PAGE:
Personal Injury Case Results
Revere Landlord Negligent, Causing Broken Ankle and Surgery
The owners of a three family home in Revere used a wooden ramp to get their lawnmower over a step from the side walkway to the backyard. The board was left there, year after year, and became smooth. When wet, it was slippery. When wet and covered with debris, it was dangerous.Our client Elaine, a homemaker with two children, was a tenant living in the second floor of the building. Elaine would clean up the backyard trash from time to time. In the fall of 2007, Elaine and her husband went to her backyard to clear out some trash. It rained and they went back inside. After the brief rainstorm, Elaine went back to finish her chore. Unfortunately, the board that the landlord left at the threshold between the backyard and the side walkway was now wet and slippery, replete with debris, and dangerous. When Elaine stepped on the board she slid, fell and landed wrong on her ankle.The result of the fall was a broken ankle, a trimalleolar fracture of the right ankle necessitating surgery called open reduction internal fixation, and requiring two screws being inserted to keep the bones together. The surgery was successful, but Elaine required a second surgery to remove the screws to allow more flexibility to the foot. When our office retained the doctor to give his opinion regarding the permanency of Elaine’s loss of function, her orthopedic surgeon stated that she would have a 20% loss of function to her right leg.Of particular interest in this case was that the insurance defense trial attorney took the strategy of attempting to intimidate the plaintiff and her husband. First, they refused to produce copies of the photographs their New Hampshire adjuster took before we filed suit. We litigated this and won. Then their tactic was more directly focused and implemented during the deposition of the husband; the lawyer pretended to direct the witnesses’ attention to indecipherable photographs (black and white copies of the aforementioned photographs), standing behind the witness, and then quickly switched to attempting a swift cross-examination. It was like the stuff on television. Fortunately, after being instructed to “sit in your chair” by Attorney Neil Burns, the tactic proved useless.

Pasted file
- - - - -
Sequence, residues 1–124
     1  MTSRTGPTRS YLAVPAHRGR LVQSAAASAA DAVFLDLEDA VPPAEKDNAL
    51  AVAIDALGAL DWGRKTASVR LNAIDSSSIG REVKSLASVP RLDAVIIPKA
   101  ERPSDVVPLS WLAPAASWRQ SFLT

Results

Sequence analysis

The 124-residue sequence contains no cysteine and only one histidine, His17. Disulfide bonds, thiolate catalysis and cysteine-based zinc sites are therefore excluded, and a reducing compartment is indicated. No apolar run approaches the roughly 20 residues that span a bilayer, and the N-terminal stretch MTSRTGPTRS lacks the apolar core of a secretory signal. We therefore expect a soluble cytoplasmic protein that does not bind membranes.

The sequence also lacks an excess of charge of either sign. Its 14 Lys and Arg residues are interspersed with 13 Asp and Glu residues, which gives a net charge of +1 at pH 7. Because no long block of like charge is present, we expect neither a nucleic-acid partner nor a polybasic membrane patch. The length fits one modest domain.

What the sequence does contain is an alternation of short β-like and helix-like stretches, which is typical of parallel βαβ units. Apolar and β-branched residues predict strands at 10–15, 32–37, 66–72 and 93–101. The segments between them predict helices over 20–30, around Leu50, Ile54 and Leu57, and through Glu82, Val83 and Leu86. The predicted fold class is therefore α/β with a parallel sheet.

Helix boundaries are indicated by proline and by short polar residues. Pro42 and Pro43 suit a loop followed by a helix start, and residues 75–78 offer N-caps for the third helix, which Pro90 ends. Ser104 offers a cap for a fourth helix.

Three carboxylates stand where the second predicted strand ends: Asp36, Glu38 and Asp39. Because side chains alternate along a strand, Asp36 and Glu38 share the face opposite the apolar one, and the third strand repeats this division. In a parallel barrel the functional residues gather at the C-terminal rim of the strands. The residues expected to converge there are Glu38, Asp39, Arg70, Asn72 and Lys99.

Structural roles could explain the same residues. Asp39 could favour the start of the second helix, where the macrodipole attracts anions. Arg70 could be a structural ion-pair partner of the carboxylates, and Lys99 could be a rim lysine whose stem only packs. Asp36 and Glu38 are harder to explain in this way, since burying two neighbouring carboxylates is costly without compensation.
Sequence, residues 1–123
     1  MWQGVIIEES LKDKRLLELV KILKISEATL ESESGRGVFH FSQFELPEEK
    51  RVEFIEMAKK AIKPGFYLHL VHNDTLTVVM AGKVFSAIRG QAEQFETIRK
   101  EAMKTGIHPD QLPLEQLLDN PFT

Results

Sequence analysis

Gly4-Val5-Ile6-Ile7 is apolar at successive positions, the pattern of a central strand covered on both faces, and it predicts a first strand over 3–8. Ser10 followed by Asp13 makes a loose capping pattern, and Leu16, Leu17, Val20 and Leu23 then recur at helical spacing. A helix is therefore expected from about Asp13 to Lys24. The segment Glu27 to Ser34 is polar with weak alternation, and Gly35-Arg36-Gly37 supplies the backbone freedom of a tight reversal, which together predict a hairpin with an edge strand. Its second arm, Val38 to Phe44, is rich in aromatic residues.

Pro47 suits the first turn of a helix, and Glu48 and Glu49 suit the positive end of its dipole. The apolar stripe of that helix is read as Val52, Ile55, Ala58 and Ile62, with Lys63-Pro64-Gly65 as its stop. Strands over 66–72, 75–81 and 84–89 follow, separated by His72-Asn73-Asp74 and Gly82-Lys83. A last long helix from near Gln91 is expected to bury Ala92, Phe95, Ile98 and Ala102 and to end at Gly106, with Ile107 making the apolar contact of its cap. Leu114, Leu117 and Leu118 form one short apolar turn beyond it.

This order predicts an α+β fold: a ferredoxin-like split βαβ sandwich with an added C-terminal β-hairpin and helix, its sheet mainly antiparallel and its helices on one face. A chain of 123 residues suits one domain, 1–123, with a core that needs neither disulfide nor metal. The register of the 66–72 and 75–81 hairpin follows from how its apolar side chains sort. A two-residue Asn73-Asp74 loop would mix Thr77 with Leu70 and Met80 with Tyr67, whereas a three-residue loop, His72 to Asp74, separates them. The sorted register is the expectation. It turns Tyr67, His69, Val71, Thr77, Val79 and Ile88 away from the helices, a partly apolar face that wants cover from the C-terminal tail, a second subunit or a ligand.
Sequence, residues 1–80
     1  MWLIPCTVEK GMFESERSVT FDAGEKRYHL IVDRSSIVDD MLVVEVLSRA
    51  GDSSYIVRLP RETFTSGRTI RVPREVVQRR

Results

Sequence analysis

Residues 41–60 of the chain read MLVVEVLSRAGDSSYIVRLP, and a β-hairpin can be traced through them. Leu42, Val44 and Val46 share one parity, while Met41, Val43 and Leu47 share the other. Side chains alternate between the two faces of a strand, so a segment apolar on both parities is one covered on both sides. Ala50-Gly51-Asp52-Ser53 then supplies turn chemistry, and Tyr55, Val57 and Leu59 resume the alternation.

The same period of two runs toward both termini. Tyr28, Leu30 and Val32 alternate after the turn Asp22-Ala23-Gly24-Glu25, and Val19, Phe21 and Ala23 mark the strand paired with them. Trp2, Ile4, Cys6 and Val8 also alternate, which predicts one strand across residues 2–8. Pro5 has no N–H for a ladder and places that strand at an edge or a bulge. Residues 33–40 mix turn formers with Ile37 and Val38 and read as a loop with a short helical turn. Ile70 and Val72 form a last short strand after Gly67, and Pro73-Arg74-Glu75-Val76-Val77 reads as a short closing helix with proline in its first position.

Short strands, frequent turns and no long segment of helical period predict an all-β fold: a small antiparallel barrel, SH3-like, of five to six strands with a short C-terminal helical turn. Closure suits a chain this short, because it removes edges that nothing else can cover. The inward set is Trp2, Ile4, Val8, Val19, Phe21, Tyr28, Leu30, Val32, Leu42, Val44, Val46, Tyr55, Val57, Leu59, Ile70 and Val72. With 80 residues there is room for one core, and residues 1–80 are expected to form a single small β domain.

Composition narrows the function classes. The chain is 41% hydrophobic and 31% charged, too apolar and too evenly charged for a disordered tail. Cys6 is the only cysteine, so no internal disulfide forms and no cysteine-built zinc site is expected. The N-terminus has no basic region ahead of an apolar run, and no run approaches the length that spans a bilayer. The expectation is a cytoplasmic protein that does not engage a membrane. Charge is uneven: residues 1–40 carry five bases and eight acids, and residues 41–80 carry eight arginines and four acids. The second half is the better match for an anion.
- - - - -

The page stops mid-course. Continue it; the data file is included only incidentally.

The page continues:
Notwithstanding heavily disputed liability, and no lost earnings, the case settled days before trial for $100,000.00.
See Suffolk Superior Court Civil Action Number 08-5375.
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